Dore’s wrong about the Pope’s treatment of Galileo, however. Yes, it was scandalous, but at the time Galileo’s own research was actually undersupported. And he didn’t help himself in his book, the Dialogue of the Two World Systems. He knew the pope was an Aristotelian, but deliberately made the Aristotelian speaker in the book appear as stupid as possible. Even so, the Church was not uniformly against him. He did have supporters within the church and amongst the cardinals. See James Hannan’s God’s Philosophers: Science in the Middle Ages.

But this is like something from Science Fiction. Stephen Baxter’s Titan is an alternative history, in which a rabidly anti-science senator becomes president of the US and closes down NASA. It’s because he’s a Creationist, and doesn’t believe in the Copernican heliocentric system, or the discoveries revealed by Galileo. What isn’t shut down, is given to the USAF and given over to defence instead, while the agency’s museum is shut, except for its museum. This is then altered to stress the religious experiences many of the astronauts had when exploring space.

This isn’t quite fair on the Creationists. Those I knew did not reject Galileo and they didn’t reject heliocentrism, although I’ve since come across people, who do on the Net. But there are still clear parallels between Baxter’s book and Trump and those who back him.

Yesterday I found an interview with the veteran comics creator, Pat Mills on YouTube. I’m going to have to write a piece about it, because Mills is very left-wing and a fierce critic of capitalism and Britain’s class system. In the video, he states that when he started writing for 2000 AD, he and the others were told to create futures, which people would live in. And now we are. He pointed out that there really were robots, which looked like Robusters, and we also now had Donald Trump, who was very much like something from 2000 AD’s often bleak view of the future.

And he’s right. Trump’s appointment of a scientific ignoramus like Bridenstine is almost exactly like something from Science Fiction. And Mills compared Trump himself to Judge Cal, the deranged Chief Judge of Mega City 1, who behaved like Caligula. He appointed his pet fish as judge, and had one of the other judges pickled. Oh yes, and he called in the alien Kleggs to keep the human population of Mega City 1 under control. Trump hasn’t made contact with an evil alien life forms yet, but the nepotism and corruption is all there. Even if he hasn’t made his goldfish senator. But given the fictional parallel drawn by Mills, Bannon, Kelly-Anne Conway and the others he’s got rid of should be glad he just had them sacked. The real trouble’s going to start when he starts ordering human-sized pickled jars.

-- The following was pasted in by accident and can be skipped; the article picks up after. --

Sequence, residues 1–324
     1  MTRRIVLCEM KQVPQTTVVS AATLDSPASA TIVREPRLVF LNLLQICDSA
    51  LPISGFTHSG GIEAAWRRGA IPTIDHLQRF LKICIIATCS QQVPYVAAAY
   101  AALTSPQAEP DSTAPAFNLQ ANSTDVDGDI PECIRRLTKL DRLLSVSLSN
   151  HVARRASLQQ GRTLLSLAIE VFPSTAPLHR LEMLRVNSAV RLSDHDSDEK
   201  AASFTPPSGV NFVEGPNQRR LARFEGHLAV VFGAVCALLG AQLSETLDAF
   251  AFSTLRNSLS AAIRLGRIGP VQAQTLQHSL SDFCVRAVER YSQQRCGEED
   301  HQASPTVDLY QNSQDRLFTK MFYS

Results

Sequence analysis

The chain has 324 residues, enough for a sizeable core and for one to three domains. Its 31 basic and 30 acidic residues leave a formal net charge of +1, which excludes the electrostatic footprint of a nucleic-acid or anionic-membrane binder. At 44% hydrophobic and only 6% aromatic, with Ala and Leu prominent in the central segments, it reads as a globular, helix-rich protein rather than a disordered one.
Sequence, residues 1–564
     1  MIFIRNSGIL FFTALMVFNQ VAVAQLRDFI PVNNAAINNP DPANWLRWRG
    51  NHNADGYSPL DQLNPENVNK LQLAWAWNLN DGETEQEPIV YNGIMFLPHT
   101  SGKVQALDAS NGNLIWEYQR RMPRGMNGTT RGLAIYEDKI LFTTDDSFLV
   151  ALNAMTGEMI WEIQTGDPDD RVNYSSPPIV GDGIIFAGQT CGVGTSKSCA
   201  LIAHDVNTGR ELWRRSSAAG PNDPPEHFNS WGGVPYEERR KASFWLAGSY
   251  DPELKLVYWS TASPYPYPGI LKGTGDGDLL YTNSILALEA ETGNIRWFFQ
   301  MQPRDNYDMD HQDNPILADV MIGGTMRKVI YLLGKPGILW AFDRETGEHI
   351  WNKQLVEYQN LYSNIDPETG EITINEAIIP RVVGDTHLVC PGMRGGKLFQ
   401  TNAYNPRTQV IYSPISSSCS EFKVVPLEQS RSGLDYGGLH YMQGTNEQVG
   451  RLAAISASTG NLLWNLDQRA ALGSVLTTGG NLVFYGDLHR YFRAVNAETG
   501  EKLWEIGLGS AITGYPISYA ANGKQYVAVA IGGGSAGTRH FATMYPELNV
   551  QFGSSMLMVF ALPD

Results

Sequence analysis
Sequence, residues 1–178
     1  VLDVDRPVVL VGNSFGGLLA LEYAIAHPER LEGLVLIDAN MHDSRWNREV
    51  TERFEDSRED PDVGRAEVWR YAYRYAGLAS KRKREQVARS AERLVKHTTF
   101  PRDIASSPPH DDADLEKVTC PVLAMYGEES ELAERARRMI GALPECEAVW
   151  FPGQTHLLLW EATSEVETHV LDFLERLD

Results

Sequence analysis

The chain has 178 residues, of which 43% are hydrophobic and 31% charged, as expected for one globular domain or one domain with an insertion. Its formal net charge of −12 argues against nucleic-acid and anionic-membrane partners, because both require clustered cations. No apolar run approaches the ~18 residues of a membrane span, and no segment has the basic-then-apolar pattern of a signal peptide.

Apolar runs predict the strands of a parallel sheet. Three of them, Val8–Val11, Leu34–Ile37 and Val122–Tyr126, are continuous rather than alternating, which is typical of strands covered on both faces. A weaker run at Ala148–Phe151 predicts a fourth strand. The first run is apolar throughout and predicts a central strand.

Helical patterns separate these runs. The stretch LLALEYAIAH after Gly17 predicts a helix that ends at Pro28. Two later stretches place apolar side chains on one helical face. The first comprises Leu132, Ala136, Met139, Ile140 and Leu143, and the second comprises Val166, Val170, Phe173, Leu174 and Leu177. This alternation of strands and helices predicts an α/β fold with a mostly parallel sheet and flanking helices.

Website for Late SF Artist Peter Elson

September 13, 2017

Going through the Net the other day, I found a website dedicated to the work of the late SF artist and illustrator, Peter Elson. Steve Holland in his Sci-Fi Art: A Graphic History (New York: HarperCollins 2009) notes that Elson was one of the school of artists that was influenced by Chris Foss’ work in the 1970s. Elson was apparently unable to adapt after that style of SF illustration fell out of favour, and spent the last years of his life working on theatre illustration.

An example of Elson’s work, from Holland’s Sci-Fi Art: A Graphic History.

He’s still one of my favourite SF artists.

The site’s Peter Elson Science Fiction Illustrator, and it’s at
http://www.peterelson.co.uk/index.php

The brief biography notes that he was a fan of the original Eagle comic, and has a suitable tribute by his friend, Carol Butfoy, who met him at Ealing School of Art, and formed a management agency with him, partly to handle his work. She concludes

The kind of cover art that Peter and many of his contemporaries produced will probably not be seen again. It was a golden age of SF and Fantasy illustration. You can still find the covers, sometimes in reprints, mostly as second hand copies at boot sales. They shine out for their magical ability to take you into a world you can scarcely imagine. It’s what great art always used to do, and Peter was a great artist.

If you want to see more of his work, including landscapes, vehicles and illustrations for Dr. Who, then go to the above site.

Philip K. Dick’s ‘Electric Dreams’ Begin Channel 4 Next Sunday

September 12, 2017

Good news for SF fans. Next Sunday, 17th September 2017, Channel 4 start their anthology series of ten standalone stories adapted from the tales of Philip K. Dick. Dick’s famous as the writer of Do Androids Dream of Electric Sheep?, the book on which the film Blade Runner is based on, and which inspired the series’ title. Apparently, the show will be screened in chunks, with Channel 4 showing the first block of six episodes. These begin with ‘The Hood Maker’, at 9 pm. The blurb for this in the Radio Times reads

In the aftermath of a catastrophic meteor shower, war brews between surviving humans and telepathic mutants. (p. 65).